In 1991, she exposed the funds transfer by Minister of Interior Aryeh Deri to Shas institutions, which led to his trial. She also reported shortcomings in Israel's preparations to the Gulf War. She stopped a deal planned by Housing Minister Ariel Sharon to purchase 20,000 apartments from one contractor company.[8] In 1992 she criticized the Housing Ministry, leading to the firing and indictment of Amidar chairman of the board, Uri Shani. In 1993, the law of government companies was amended following a report she published in 1989. She also managed to postpone a plan proposed by Finance Minister Avraham Shohat to sell Bank Hapoalim shares.[9] In 1994 she pointed out suspicions of Housing Minister Binyamin Ben-Eliezer's commitments to transfer funds to local authorities affiliated with the Labour Party.[7][10]

In 1995, she assailed the Shin Bet for breaching the Landau Commission report on torture.[11] A criminal investigation was opened against major figures in the Ministry of Religious affairs, based on her report.[12] She also led to the amendment of the arrest law. In 1996 she revealed that the Transportation Minister Israel Kessar had allotted funds to local authorities, preferring authorities whose heads are Labour Party members. In 1997 she criticized the government's handling of the Israel Dockyards company during the time in which the company was in a state of temporary liquidation.[7]

On July 4, 1998, at the end of two terms, she retired from her position as State Comptroller, although she stayed involved in public activity and writing.[7][13]

Awards and honors[edit]

References[edit]

  1. ^ "Prof. Miriam Ben-Porat dead at 94". July 26, 2012. 
  2. ^ a b c Salokar and Volcansek (1996), p. 38
  3. ^ Salokar and Volcansek (1996), p. 39
  4. ^ a b Salokar and Volcansek (1996), p. 38, 40
  5. ^ Edelman (1994), p. 39
  6. ^ a b Brinkley, Joel (29 August 1991). "Israeli Civic Watchdog is Suddenly a Target". New York Times. Retrieved 25 May 2008.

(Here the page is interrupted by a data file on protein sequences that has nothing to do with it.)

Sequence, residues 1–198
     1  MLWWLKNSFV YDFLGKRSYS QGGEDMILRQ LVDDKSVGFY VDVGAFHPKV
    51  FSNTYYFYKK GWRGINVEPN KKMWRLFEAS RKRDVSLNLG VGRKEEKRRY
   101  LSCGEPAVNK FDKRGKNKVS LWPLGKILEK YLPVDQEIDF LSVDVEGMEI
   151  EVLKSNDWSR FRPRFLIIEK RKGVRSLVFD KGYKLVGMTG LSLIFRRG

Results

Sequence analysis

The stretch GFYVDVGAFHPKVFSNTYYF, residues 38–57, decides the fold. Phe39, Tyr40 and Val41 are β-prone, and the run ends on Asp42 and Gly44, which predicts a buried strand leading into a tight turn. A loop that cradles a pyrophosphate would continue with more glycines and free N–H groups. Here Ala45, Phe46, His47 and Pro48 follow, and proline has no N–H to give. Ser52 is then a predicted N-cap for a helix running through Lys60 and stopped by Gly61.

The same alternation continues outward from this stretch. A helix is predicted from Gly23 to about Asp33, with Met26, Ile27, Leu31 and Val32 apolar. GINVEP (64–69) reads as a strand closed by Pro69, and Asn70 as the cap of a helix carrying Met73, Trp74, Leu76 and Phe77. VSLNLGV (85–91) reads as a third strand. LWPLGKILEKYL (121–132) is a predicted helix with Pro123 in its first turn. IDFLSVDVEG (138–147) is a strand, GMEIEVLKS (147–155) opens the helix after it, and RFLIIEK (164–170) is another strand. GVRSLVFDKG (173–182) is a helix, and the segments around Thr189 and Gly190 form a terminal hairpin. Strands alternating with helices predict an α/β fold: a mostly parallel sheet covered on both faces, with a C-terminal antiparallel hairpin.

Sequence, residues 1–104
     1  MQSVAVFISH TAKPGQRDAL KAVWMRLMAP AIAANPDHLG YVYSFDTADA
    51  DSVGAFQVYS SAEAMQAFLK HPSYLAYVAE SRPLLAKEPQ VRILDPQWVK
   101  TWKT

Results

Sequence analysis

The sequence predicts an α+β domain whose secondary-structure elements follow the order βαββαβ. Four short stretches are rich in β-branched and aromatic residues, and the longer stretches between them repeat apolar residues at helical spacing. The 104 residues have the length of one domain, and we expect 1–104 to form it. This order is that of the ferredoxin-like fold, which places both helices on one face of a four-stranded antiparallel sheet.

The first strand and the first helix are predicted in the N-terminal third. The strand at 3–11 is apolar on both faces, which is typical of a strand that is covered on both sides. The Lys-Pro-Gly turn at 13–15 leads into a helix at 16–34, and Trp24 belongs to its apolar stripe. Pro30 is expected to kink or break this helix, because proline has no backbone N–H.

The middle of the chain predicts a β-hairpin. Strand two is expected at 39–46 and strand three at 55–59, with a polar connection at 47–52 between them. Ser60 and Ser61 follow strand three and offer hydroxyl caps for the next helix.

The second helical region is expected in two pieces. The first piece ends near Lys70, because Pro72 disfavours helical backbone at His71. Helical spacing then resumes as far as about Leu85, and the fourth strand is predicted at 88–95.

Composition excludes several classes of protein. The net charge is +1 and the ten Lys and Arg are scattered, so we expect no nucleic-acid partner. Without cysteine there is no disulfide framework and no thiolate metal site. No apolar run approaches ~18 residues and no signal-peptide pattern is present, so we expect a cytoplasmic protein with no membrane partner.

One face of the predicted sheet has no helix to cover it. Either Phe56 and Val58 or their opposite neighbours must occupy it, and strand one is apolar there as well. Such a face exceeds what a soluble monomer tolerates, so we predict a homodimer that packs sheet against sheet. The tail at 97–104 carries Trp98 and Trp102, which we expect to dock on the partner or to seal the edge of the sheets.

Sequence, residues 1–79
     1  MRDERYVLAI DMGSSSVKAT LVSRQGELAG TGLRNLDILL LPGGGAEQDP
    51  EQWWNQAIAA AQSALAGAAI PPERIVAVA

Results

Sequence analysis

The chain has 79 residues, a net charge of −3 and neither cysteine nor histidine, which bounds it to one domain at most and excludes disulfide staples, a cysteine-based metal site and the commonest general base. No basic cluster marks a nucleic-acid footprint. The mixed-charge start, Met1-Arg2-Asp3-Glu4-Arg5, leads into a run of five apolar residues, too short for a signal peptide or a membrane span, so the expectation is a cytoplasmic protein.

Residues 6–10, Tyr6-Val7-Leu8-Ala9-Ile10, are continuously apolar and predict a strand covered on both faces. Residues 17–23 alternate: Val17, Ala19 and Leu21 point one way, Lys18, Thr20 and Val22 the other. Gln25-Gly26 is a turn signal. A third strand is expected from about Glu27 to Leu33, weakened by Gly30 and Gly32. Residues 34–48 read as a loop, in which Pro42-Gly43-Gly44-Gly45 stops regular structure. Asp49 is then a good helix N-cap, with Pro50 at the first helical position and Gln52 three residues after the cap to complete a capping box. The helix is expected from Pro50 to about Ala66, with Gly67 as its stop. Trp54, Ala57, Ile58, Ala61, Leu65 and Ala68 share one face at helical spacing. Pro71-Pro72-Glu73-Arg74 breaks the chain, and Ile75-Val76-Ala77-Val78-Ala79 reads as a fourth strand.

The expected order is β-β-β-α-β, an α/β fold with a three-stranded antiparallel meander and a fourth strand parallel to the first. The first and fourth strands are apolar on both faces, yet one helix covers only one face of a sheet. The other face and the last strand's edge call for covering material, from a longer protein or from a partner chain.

7. ^ a b c d e "Ben-Porat Miriam" (in Hebrew). 3 July 2006. Retrieved 25 May 2008. 
  8. ^ Haberman, Clyde (April 29, 1992). "Likud Is Set Back by a Report of Waste and Graft". New York Times. Retrieved May 27, 2008. 
  9. ^ "Comptroller stops Hapoalim sale". Israel Business Today. March 5, 1993. Retrieved May 27, 2008. 
  10. ^ Gordon, Evelyn (May 22, 1996). "Ben-Eliezer should have been indicted". Jerusalem Post. Retrieved May 27, 2008. 
  11. ^ "Israel admits torture". BBC. February 9, 2000. Retrieved May 27, 2008. 
  12. ^ Perry and Ironside (1999), p. 158
  13. ^ a b "Miriam Ben-Porat". Israel Ministry of Foreign Affairs. January 8, 2001. Retrieved May 25, 2008. 
  14. ^ "Israel Prize Official Site – Recipients in 1991 (in Hebrew)". 
  15. ^ "Recipients of Yakir Yerushalayim award (in Hebrew)".  City of Jerusalem official website

Further reading[edit]

  • Edelman, Martin (1994). Courts, Politics, and Culture in Israel. University of Virginia Press. p. 169. ISBN 0-8139-1507-4. 
  • Perry, Dan; Alfred Ironside (1999). Israel and the quest for permanence. McFarland. p. 216. ISBN 0-7864-0645-3. 
  • Salokar, Rebecca Mae; Mary L. Volcansek (1996). Women in Law: A Bio-bibliographical Sourcebook. Greenwood Publishing Group. p. 376. ISBN 0-313-29410-0. 

See also[edit]